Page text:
Get a mentor.

Having an experienced coach to explore ideas, test notions and assess progress can make a huge difference in how well you learn new skills. Steve Jobs, Sheryl Sandberg, Warren Buffet, Colin Powell and numerous other leaders credit their mentors with helping them excel.

You may not be lucky enough to find a life-long guide, but that’s no reason you can’t connect with someone who’s a good listener and willing to help you innovative. You can have short-term mentors for just one project or longer-term connections that guide you through a big life goal.

Stay young.

Even if you’re not gunning for that CEO job, continuous learning will keep you young. Dr. Denise Park at the University of Texas in Dallas found that learning a challenging skill, like how to use Photoshop, significantly improved memory function in seniors. And there’s some evidence that learning a second language can help keep your brain sharp as well.

Whatever your definition of success, constant learning will be a big part of helping you get there. Today’s stars have already figured that out, and you can take advantage of their secrets to reach your own goals.

Carol Bleyle
Carol Bleylehttps://www.pract.us/news
CAROL handles client services and marketing for Pract.us Software, a training platform designed to promote experiential, on-the-job learning and development. She works to realize the vision of turning the 70% of informal learning we do at work into a powerful training and development tool. With an M.A. in Cognitive Linguistics from the University of California at Berkeley, Carol views skills development through the lens of cognitive science and psychology And over the past 23 years, whether in traditional classrooms or on-the-go mentoring in her own company, Carol has constantly searched for realistic ways to make learning more natural and engaging. As a writer, trainer, consultant, entrepreneur and public speaker, Carol helps business owners find practical solutions to employee performance. She and her husband reside in beautiful Loudoun County Virginia with three energetic dogs and two lazy horses.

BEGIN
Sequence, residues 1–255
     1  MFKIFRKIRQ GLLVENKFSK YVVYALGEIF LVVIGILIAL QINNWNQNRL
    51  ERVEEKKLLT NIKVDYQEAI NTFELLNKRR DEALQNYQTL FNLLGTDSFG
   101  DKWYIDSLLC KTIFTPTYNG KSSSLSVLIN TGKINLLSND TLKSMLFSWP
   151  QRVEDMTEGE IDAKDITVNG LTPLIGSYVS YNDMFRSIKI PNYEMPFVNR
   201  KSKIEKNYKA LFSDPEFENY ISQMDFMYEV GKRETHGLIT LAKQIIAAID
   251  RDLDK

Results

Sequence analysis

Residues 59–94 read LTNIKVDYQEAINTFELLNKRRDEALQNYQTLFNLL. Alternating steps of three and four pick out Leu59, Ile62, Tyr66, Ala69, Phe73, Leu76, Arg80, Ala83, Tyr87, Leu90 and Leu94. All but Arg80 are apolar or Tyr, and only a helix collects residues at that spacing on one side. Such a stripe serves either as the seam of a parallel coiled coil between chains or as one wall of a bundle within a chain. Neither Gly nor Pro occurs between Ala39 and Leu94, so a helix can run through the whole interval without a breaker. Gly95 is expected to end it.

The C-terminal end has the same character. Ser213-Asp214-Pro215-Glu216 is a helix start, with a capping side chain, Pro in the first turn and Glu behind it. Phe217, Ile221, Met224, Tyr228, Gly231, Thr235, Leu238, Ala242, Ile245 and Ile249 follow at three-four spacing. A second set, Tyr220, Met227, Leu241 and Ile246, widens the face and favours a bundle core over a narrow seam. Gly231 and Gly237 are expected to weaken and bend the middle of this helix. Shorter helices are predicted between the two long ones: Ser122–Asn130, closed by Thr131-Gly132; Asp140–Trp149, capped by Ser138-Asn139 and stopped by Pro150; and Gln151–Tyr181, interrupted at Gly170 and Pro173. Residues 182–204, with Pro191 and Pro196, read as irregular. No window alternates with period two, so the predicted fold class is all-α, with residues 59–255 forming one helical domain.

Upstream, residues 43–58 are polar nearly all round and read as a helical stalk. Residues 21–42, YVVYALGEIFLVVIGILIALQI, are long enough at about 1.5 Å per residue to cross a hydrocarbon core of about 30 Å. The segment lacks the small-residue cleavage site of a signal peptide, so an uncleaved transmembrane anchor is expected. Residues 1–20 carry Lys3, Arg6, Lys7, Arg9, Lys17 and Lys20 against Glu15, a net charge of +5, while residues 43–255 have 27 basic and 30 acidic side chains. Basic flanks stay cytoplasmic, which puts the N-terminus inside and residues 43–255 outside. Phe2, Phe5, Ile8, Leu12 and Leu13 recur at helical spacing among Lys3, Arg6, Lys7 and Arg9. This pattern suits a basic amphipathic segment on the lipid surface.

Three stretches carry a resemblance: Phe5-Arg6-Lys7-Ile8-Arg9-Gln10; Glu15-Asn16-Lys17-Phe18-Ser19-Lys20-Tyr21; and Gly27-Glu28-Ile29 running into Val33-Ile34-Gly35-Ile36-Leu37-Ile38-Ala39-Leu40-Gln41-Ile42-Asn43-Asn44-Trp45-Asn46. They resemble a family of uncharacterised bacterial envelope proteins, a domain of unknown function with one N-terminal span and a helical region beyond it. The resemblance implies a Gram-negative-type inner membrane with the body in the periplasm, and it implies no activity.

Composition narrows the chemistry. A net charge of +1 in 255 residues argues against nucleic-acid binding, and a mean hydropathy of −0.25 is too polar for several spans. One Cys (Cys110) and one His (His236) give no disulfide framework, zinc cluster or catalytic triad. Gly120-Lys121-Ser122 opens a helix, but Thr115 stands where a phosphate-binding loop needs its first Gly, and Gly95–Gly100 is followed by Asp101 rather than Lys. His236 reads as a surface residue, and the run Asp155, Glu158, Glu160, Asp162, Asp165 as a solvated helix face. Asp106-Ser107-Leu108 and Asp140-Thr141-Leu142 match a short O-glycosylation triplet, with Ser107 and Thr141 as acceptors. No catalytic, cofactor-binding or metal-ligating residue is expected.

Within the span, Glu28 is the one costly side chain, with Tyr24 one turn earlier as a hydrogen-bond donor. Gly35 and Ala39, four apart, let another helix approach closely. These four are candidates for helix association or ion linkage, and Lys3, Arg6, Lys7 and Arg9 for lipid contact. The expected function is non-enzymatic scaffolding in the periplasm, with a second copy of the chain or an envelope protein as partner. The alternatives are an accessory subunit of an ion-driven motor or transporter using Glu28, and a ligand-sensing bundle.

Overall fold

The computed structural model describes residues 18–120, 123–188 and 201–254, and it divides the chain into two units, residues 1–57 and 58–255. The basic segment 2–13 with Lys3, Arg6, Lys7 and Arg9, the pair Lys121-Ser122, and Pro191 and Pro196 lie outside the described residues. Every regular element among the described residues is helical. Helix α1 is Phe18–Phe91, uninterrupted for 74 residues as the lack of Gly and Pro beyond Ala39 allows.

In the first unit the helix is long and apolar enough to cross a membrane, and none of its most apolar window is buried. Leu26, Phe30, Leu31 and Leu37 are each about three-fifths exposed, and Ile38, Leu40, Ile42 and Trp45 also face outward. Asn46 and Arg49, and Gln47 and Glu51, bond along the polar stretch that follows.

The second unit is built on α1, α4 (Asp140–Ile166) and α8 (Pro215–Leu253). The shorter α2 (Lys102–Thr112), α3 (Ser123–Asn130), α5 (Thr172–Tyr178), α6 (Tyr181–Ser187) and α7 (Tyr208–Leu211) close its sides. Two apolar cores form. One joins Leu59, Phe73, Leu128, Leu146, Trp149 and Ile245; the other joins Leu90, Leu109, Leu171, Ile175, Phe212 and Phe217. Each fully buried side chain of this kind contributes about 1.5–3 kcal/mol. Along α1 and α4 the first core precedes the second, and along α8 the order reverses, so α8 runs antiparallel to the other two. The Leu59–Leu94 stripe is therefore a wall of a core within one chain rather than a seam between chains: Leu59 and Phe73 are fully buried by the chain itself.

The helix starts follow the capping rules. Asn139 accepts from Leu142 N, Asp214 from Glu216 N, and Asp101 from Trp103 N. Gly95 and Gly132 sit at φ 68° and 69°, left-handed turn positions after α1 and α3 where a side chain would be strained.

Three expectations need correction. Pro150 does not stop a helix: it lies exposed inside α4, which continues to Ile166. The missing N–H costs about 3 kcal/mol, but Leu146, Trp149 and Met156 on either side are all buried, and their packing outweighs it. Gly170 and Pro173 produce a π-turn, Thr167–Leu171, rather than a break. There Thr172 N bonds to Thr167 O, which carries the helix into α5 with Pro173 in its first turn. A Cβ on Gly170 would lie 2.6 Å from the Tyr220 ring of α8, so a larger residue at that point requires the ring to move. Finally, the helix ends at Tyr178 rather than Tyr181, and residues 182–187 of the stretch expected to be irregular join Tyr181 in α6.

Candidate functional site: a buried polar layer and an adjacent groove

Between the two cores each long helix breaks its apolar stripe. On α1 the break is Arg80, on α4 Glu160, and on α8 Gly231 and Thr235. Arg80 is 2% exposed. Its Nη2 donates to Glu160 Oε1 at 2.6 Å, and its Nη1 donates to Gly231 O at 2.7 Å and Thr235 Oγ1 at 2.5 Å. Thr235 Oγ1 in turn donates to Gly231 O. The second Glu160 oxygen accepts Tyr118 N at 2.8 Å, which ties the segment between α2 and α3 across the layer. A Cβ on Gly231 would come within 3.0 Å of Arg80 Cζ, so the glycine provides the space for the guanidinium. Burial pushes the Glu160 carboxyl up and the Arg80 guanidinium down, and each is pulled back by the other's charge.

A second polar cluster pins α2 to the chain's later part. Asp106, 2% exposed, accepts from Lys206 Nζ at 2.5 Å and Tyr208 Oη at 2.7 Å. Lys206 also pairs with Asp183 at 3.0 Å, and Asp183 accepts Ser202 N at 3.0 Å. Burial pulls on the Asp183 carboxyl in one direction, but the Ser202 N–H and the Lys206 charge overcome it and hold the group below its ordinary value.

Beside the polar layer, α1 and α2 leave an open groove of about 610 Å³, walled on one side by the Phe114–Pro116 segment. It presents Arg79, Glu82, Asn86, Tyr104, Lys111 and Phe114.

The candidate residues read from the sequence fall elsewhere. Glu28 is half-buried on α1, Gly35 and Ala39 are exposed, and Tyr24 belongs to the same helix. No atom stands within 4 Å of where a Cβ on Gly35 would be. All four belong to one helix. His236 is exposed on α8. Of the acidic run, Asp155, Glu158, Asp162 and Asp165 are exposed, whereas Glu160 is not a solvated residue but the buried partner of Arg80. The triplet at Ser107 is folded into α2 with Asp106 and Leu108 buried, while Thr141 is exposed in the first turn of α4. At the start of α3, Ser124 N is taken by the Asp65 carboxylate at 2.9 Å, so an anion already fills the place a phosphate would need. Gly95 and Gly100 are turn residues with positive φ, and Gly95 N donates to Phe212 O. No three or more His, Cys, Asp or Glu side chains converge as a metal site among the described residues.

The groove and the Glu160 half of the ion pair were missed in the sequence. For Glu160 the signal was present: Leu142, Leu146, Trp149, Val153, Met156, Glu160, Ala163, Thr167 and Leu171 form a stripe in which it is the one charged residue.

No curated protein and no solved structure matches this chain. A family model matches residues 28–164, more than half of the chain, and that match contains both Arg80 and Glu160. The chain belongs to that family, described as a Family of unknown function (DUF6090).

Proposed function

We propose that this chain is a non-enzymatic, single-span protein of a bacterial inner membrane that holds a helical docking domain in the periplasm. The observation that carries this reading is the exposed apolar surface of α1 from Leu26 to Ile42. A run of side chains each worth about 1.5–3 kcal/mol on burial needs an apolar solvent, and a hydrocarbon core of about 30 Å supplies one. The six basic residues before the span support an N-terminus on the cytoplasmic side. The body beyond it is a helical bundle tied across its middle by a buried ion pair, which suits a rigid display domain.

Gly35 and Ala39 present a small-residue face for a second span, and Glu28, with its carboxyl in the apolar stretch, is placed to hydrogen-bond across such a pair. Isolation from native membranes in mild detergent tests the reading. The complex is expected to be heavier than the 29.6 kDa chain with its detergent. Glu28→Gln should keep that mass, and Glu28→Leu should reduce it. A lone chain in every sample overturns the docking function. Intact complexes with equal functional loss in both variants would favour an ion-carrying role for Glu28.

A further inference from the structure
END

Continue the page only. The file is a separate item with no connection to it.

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Chris Pehura
Chris Pehura

We can grow in so many ways. The best way to grow is to understand your own essence, your own brand. Then grow from there. We should grow and build on our own essence, and not a mold a mentor or even a society dictates to us. Not doing so leads to depression and poor health.

jphilpin

… and be inquisitive, ask questions, pay attention, listen and make it fun.

Jane Anderson

Your article covers good ideas for making it a pond to always be learning. I know it was written basically for working adults but I encourage people who are retired to keep learning. Never stop. I have many friends who are morphing into dinosaurs because they refuse to learn new things. Tragic!

Jane Anderson

I appreciated this article for reasons other than already expressed. I know it was written primarily for working adults but the message ever so important for those already retired. I have many friends in that category who are morphing into dinosaurs because they have no interest in learning – not new things, not expand on what they already know. Tragic!